Smith, an Augusta, Ga., businessman, claimed creation of Burdell in 1927, when he was filling out his enrollment papers. He decided to turn in duplicates on George P. Butler, his high school principal and a staunch University of Georgia alumnus. After writing in George P. Smith got cold feet and finished the entry with the last name Burdell, the maiden name of his best friend's mother.
Smith then added Burdell's name to the class rolls. He even took duplicate tests using Burdell's name, altering the handwriting just enough to disguise his writing and fool the professors into believing Burdell was indeed a student in their classes.
By 1930, George P. Burdell had taken enough tests to "earn" a bachelor's degree from the Institute - he later received his master's degree and he became an official alumnus. At the same time, he has managed to maintain his student status.
During World War II, George P. Burdell served in the armed forces on many fronts, his name appearing around the world. He was listed on the flight crew of a B-17 bomber, flying 12 missions over Europe with the 8th Air Force in England. However, when a Tech graduate became the new operations officer for the crew, he immediately recognized the name on the flight log, and Burdell's flying days were over.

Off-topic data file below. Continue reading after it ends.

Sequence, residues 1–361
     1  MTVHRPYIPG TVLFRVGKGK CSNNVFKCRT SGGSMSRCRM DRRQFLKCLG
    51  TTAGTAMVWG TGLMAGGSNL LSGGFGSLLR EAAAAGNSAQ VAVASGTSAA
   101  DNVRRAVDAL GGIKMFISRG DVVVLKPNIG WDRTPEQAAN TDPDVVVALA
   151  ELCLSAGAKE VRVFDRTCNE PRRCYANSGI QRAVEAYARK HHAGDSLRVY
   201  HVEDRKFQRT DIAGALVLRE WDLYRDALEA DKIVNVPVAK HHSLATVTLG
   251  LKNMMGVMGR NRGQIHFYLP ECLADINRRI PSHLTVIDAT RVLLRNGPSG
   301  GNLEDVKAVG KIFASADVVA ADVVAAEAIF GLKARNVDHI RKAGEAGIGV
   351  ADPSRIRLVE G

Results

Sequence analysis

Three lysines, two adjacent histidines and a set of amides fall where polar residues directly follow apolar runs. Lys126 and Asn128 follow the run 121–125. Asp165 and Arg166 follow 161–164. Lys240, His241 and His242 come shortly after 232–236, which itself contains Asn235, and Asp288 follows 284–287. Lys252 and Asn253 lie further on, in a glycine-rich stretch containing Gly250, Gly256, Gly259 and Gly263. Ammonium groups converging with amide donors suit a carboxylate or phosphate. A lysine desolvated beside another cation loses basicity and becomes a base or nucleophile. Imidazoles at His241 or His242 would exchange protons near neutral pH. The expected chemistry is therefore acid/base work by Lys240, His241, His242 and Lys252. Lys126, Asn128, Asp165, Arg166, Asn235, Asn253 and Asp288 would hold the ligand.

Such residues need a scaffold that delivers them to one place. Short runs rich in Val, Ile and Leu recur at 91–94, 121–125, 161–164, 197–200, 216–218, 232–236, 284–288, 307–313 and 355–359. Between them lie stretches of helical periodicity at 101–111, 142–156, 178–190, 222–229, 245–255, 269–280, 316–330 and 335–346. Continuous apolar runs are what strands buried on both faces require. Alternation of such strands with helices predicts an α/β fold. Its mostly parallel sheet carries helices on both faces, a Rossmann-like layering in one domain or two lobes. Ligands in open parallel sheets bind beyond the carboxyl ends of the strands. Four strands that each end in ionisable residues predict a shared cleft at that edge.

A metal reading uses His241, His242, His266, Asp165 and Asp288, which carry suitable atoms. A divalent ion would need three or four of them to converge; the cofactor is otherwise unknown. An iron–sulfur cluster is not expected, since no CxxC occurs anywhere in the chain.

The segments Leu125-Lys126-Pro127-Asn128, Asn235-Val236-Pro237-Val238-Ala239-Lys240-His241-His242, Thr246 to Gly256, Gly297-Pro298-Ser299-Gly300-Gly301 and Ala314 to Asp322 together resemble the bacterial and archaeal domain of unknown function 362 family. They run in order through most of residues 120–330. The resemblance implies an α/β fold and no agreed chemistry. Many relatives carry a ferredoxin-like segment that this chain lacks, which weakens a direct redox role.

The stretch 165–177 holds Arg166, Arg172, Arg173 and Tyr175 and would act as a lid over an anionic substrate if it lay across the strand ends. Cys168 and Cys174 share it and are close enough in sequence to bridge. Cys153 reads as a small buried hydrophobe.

When Georgia Tech computerized its class-registration process in 1969, Burdell signed up for every course - over 3,000 credit hours. And despite subsequent fail-safe procedures to prevent it, he did so again in 1975 and 1980.
The spirit of George P. Burdell remains alive. He continues to post letters to the editor, baffle insurance salesmen, and get paged at football games. He's also displayed a generous nature - his signature has appeared on numerous product rebate checks.